Is our world unique? Is it the only one in existence, or are there others – perhaps many others – out there? Do other beings – maybe even intelligent ones – call these worlds their home, and live out their lives completely unbeknownst to us?
It was only in 1995 that we first discovered evidence that other stars had planets, as ours does. Now we have detected many thousands of other worlds, and evidence suggests that a majority of sun-like stars possess them. Most of these stellar systems bear little resemblance to ours. The easiest planets to detect are massive worlds located close to their stars, so "hot Jupiters" dominate the current list of exoplanets. As our surveys continue, however, we are discovering more and more Neptunes and even super-Earths, in orbits farther and farther from their suns.
How to Search for Exoplanets
How are scientists searching for extrasolar planets? Read here of the different approaches, their strengths and weaknesses, and how planet hunters are pursuing them all.
Catalog of Exoplanets
We recommend the Paris Observatory's Extrasolar Planets Encyclopaedia. The Planetary Society no longer maintains our own Catalog of Exoplanets.
Our Exoplanets Research
Posted by Bruce Betts on 2013/07/26 04:32 CDT
The Planetary Society sponsored Alpha Centauri planet search started using a newly upgraded system in May. Here is a quick update including info from project leader Debra Fischer from Yale about their new system.
Emily Lakdawalla and Courtney Dressing talked about just how common Earth-sized exoplanets may be in our neighborhood. Watch the replay here.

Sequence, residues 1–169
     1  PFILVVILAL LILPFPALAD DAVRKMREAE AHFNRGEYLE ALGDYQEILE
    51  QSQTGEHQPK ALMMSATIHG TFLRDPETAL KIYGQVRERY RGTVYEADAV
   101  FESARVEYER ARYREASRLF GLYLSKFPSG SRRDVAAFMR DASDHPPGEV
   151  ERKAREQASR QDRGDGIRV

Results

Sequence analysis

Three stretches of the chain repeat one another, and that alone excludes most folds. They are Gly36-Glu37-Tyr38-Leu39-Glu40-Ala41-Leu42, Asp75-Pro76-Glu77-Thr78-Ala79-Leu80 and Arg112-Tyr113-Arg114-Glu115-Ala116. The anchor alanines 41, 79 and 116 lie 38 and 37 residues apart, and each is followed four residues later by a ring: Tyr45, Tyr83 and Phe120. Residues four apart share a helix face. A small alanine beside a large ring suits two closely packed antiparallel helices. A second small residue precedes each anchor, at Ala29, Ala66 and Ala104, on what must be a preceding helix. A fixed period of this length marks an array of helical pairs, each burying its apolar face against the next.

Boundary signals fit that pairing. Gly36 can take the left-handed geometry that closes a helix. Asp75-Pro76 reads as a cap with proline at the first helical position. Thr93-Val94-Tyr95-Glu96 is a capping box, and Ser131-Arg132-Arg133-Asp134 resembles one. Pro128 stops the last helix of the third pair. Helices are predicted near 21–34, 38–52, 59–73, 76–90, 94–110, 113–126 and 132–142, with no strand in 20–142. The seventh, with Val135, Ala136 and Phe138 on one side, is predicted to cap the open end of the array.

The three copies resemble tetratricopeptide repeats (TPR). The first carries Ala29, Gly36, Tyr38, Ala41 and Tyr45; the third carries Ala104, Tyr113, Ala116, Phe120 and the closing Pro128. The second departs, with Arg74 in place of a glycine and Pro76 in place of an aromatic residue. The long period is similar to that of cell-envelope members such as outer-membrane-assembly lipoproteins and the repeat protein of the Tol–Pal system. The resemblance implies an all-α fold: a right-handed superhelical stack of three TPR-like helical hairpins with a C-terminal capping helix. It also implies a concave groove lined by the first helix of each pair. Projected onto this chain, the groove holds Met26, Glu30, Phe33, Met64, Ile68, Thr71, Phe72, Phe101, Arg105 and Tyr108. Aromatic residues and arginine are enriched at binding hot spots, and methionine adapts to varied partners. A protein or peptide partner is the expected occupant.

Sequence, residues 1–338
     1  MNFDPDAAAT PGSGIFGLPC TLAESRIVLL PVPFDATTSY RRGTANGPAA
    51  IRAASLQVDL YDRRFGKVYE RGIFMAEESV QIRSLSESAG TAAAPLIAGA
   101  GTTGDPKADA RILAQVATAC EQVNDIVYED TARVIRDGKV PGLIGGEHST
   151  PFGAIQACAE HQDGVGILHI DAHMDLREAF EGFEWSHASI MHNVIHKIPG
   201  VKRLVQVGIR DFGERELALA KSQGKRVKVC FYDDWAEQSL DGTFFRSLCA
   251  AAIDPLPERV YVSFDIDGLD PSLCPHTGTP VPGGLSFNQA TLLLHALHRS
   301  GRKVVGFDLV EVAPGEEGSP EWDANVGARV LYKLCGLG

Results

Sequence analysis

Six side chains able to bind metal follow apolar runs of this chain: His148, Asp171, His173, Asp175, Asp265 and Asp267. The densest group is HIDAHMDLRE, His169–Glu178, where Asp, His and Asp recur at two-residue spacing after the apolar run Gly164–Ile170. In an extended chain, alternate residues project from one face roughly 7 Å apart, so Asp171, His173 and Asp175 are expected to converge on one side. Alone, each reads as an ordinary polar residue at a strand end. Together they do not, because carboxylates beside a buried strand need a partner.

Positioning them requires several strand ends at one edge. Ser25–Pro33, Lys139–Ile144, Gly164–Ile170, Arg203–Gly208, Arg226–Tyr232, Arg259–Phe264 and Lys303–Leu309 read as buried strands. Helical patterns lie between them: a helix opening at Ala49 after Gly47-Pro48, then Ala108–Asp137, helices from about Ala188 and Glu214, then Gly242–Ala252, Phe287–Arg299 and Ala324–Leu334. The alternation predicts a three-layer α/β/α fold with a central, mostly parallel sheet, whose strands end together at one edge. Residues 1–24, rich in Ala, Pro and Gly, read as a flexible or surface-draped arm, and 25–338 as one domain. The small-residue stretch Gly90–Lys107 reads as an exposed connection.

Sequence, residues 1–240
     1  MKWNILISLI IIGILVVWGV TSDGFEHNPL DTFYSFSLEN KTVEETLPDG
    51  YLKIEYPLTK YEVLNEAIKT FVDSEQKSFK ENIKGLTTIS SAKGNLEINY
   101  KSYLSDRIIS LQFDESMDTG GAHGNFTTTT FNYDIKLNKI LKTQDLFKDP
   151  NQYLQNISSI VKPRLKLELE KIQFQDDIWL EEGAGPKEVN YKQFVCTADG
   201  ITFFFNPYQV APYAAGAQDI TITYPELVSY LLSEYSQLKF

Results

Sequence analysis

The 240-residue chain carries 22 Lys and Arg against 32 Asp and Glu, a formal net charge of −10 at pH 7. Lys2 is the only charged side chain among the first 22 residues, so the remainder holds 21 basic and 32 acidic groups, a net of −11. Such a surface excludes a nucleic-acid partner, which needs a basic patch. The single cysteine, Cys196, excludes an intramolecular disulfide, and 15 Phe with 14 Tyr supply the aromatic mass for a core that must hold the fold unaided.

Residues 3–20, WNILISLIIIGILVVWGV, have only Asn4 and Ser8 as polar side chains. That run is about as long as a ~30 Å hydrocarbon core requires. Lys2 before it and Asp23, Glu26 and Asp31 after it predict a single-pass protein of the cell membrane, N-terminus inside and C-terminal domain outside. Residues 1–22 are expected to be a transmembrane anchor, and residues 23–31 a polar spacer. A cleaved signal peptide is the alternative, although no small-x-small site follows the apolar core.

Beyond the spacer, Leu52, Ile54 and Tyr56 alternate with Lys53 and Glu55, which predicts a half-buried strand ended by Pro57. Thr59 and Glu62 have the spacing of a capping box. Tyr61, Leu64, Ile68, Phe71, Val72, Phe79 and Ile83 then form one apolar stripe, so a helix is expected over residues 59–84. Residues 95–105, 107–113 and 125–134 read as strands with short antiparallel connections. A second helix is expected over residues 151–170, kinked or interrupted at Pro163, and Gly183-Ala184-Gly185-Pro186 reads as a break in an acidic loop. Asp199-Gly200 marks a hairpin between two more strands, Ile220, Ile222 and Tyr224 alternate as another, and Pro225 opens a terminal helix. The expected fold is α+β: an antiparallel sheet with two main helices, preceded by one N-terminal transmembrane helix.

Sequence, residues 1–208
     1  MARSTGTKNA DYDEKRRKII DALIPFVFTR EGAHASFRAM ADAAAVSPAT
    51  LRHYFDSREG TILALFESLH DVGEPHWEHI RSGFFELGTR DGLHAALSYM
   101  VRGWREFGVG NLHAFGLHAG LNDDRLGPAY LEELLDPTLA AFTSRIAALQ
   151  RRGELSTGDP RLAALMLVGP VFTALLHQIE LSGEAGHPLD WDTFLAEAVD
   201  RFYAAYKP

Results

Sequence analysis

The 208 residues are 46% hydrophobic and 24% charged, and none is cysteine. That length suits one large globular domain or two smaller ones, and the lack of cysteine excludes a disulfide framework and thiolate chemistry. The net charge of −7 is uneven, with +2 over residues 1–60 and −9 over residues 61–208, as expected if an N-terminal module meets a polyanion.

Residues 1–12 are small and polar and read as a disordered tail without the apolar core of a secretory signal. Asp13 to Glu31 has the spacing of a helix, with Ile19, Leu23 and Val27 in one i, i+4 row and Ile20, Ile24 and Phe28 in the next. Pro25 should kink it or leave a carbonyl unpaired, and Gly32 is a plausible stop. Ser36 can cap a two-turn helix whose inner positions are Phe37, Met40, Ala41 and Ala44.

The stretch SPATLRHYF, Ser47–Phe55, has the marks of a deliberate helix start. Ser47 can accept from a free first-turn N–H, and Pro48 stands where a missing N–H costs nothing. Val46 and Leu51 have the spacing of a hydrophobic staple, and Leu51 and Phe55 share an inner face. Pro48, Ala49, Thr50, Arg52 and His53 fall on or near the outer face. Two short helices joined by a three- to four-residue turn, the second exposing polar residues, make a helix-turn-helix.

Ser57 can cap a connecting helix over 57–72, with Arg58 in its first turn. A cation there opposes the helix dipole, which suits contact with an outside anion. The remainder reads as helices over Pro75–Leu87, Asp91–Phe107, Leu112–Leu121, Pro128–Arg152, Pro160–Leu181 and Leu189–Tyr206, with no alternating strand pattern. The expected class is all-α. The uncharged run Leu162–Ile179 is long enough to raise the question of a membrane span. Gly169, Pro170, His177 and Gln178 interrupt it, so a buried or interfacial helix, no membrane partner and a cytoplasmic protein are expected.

Join Casey Dreier and Emily Lakdawalla as they are joined by Dr. Meg Schwamb from Yale University. They will discuss the latest announcements from the American Astronomical Society 2013 conference and Dr. Schwamb's research in outer solar system bodies.
This year's American Astronomical Society meeting featured tons and tons of news on exoplanets. They're everywhere! And not just planets, but also asteroids, comets, and more....
European astronomers have made the first planetary discovery in the closest-to-Earth Alpha Centauri star system. Here is some information about the discovery, and insights from Yale Astronomer Debra Fischer, who leads another Alpha Centauri planet search partially supported by The Planetary Society.
In the first full day of the annual meeting of the Division of Planetary Sciences of the American Astronomical Society, I listened to scientific sessions on icy worlds and on an exoplanet in a four-star system.
In 2016, The Planetary Society’s LightSail program will take the technology a step further.